When spring ball rolled around, Edwards turned heads and flashed his potential. He was putting himself in position to be one of the ‘Dogs’ top targets as Fresno State prepared to open the season at USC.

But as fall camp approached, he suffered another foot injury, which sidelined him into the early part of the season. Edwards dressed out when the Bulldogs hosted Sacramento State a couple weeks ago, but he didn’t play because he didn’t have enough practice reps under his belt.

Following the Sacramento State game, he put together a solid week of practice and was ready to go for the trip to New Mexico State.

“Obviously he’s been off the field quite a bit, so his knowledge of the offense has improved,” wide receivers coach Kirby Moore said. “And understanding the inside guys, outside guys, and really just the overall concepts, not just the specific route. That’s been awesome, and I think that’s really going to help him throughout this year just providing versatility within our room.”

Chris Coleman – a sophomore wide receiver who transitioned to cornerback last week due to injuries at the position – said Edwards is someone the offense can count on to make a big play when needed.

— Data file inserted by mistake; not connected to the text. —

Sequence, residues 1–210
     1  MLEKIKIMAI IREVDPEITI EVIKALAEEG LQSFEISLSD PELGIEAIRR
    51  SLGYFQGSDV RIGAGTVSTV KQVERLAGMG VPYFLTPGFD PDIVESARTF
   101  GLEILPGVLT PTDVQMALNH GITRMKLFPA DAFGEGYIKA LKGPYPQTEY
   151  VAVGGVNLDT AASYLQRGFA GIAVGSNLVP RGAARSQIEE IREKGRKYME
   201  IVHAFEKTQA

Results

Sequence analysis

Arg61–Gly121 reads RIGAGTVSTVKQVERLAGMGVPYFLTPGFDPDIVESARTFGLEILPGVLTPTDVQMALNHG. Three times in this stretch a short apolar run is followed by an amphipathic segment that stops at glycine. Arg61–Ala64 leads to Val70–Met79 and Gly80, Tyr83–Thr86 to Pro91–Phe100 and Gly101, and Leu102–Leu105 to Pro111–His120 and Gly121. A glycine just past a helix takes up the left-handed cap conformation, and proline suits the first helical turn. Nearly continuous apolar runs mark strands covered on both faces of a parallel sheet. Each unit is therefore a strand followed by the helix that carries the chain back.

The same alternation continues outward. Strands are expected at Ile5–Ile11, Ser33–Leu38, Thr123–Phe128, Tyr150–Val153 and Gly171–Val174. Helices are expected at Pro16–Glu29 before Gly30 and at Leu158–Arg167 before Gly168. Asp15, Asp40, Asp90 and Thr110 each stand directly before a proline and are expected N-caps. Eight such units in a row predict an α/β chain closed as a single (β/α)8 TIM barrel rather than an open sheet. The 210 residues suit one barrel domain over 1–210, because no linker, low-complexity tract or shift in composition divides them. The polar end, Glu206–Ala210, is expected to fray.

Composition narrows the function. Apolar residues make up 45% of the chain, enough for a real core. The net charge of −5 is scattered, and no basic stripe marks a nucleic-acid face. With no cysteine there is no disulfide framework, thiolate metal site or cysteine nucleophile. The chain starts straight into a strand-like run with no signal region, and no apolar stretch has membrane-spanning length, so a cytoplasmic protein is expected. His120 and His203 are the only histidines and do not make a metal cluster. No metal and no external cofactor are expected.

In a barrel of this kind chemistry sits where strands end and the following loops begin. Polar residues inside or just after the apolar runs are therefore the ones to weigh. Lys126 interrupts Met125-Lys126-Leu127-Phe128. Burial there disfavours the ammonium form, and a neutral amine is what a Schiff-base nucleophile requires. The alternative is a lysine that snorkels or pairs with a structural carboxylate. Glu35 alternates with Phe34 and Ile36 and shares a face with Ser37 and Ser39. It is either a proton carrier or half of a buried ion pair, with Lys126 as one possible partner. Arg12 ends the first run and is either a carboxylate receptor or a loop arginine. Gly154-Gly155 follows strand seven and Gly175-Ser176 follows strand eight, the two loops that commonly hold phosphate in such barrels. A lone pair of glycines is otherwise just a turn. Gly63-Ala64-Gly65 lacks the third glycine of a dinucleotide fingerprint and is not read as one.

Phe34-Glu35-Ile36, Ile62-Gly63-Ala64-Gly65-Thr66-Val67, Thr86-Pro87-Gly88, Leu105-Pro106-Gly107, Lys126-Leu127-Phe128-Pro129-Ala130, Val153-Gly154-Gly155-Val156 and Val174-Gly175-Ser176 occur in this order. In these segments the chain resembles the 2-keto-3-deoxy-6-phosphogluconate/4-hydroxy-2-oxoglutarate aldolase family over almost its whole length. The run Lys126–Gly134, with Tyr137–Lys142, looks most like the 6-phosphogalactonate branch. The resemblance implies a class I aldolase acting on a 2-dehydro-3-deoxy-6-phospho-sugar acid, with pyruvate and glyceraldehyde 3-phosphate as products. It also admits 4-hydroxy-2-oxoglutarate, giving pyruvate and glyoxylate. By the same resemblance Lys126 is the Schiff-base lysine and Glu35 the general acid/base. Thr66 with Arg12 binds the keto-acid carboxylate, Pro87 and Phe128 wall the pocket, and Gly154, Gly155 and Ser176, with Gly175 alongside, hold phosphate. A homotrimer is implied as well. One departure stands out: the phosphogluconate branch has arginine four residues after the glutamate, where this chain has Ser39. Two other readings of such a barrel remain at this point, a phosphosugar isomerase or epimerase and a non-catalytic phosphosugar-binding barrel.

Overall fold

“He’s the most optimistic guy on the team,” Coleman said. “He knew his time was coming, and his time came. He took it and ran with it. So know we’ve got to keep feeding him, keep making sure we keep him dialed in on the offense, and just let him go to work.” 

Reyna added, “It’s a great feeling honestly, just to see him out there again. It’s tough on him mentally, spiritually and physically, especially with last year. And to see him out there is like, ‘Wow, it’s OK. There’s some light at the end of the tunnel.’ It’s a great feeling to see him happy.”

Now that his playing career is back on track, Edwards is able to represent Tulare on the field for the Bulldogs. He had offers to play for schools across the country, including Washington State, Oregon State, Duke and BYU.

“I stayed here because it was home,” Edwards said. “I’m a really big family guy. I like going back to see my dad, my little sister, my grandma, my grandpa, and I’m really close with my mom – that’s my rock. So just her to be able to come to every home game, some away games – that was a big important thing for me to have my family behind me while I’m going through all this.”

Since he stayed here, he’d like to see other highly recruited athletes from around the Central Valley follow in his steps and play for the Bulldogs.

“So I was thinking – start the trend,” Edwards said. “Let’s get all the good local talent that we can to stay home. This could be a powerhouse – easy as that.”

The Bulldogs are in the middle of their second bye week, and after a matchup at Air Force next week, Edwards will have his first opportunity to play in Bulldog Stadium when the ‘Dogs take on UNLV on Oct. 18.

“I’m super excited,” Edwards said. “I really cannot wait. I want my whole family to come out, the whole town of Tulare. I’m excited.”